Apple could let you sell your iTunes content to other people

A patent filing published today describes a system in which iTunes users could sell or loan their music, movies, and e-books to other people.

You may be able to one day sell your iTunes items if an Apple patent ever becomes reality.
You may be able to sell your iTunes items if an Apple patent ever becomes reality. Screenshot by Lance Whitney/CNET

Want to sell that movie you bought on iTunes but never watch? You may be able to one day if a new Apple patent filing ever comes to life.

Published today by the U.S. Patent and Trademark Office and filed last June, an Apple patent application named "Managing Access To Digital Content Items" conjures up a system for legally selling or loaning iTunes items to another person.

The method involves transferring digital access rights from the original owner to someone else. Once those rights are transferred, the new owner would gain access to the content while the original owner would lose them.

As the original seller of the item, Apple would keep track of who currently has the rights to it and get a cut of the action. The actual publisher or developer might also share in the proceeds, as described in the patent:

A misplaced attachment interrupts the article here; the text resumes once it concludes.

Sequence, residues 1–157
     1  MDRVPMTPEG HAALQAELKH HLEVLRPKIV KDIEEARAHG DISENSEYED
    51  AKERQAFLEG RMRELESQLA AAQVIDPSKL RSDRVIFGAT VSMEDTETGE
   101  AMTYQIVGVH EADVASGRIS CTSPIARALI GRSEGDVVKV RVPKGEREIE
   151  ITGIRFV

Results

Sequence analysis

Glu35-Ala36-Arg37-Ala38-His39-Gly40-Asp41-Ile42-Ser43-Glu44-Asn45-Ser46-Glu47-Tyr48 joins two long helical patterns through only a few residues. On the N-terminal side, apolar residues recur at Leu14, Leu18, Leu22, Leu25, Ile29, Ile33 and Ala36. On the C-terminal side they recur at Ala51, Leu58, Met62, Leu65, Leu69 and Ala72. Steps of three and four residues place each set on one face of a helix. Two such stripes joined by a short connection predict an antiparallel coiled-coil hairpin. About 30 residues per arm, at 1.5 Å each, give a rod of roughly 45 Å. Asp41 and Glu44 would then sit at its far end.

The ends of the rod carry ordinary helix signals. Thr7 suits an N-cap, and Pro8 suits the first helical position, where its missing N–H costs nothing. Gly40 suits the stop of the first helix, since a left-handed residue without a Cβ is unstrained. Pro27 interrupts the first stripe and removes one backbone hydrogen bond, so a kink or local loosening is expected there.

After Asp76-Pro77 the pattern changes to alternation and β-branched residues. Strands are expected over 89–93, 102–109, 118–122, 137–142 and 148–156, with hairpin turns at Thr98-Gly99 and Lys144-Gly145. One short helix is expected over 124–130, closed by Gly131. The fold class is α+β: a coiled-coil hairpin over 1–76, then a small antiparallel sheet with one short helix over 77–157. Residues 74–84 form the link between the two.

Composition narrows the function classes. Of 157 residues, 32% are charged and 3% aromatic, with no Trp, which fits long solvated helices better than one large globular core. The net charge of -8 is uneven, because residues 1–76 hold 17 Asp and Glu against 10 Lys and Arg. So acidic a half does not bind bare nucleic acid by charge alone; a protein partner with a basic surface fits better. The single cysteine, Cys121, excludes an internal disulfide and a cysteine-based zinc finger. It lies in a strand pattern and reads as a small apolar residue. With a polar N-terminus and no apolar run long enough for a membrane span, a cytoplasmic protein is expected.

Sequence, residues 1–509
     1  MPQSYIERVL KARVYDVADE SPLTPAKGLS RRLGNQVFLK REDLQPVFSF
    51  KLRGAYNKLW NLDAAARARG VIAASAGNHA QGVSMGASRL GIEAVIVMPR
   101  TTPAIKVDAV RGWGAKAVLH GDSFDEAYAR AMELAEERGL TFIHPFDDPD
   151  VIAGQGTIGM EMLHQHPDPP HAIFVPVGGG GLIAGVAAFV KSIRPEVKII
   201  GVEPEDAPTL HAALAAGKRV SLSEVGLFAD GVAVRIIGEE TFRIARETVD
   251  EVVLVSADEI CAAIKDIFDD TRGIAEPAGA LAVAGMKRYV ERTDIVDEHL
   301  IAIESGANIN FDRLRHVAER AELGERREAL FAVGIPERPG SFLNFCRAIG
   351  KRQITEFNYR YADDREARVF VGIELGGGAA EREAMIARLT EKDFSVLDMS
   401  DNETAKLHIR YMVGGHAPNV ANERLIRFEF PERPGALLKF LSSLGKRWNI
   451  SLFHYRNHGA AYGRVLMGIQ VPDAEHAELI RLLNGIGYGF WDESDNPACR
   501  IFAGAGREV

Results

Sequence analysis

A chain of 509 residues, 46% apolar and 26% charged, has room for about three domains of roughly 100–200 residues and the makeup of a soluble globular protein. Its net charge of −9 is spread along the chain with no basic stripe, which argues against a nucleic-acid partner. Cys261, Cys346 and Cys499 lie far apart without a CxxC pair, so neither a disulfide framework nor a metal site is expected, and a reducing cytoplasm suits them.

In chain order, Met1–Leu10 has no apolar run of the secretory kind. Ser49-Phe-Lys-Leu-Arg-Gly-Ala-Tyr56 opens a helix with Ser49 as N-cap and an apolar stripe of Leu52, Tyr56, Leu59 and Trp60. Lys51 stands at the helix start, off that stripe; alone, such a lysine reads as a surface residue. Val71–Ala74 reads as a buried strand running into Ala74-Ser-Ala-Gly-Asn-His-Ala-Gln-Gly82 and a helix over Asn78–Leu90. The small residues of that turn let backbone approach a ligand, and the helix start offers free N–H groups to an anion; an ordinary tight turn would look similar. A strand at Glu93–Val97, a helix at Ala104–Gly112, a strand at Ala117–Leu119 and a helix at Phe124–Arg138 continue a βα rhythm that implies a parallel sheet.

After the change in access rights, only the transferee is allowed access to the digital content item. As part of the change in access rights, the transferee may pay to obtain access to the digital content item. A portion of the proceeds of the "resale" may be paid to the creator or publisher of the digital content item and/or the entity that originally sold the digital content item to the original owner.

The system could also allow more than one person to buy a "copy" of the digital item. Content owned by one user could be provided to multiple people, so the original owner and the new owners all have access to it at the same time. Apple would restrict the number of times that an item could be copied. For example, a movie may be copied just once, while an e-book could be copied twice.

Limitations would also likely be placed on how often an item could be sold and its selling price. The buyer of an app may have to wait a year before transferring the rights to another person. Someone who purchases a digital film might have to set a minimum price of $10 for the first six months. After six months, the minimum price would drop to $5.

Amazon was recently granted a patent exploring the same concept of an electronic flea market for digital goods. In Amazon's patent, you would house your music, videos, apps, and e-books online. One you got tired of an item, you could transfer it to someone else's storage space.

The seller would receive a credit for the item, while the buyer would be debited a certain amount. Like Apple, Amazon would take a cut of the proceeds for facilitating the transaction.

As more people buy movies, music, and books digitally instead of physically, an online marketplace for selling and swapping those items seems like a logical next step.

(Via AppleInsider)

 

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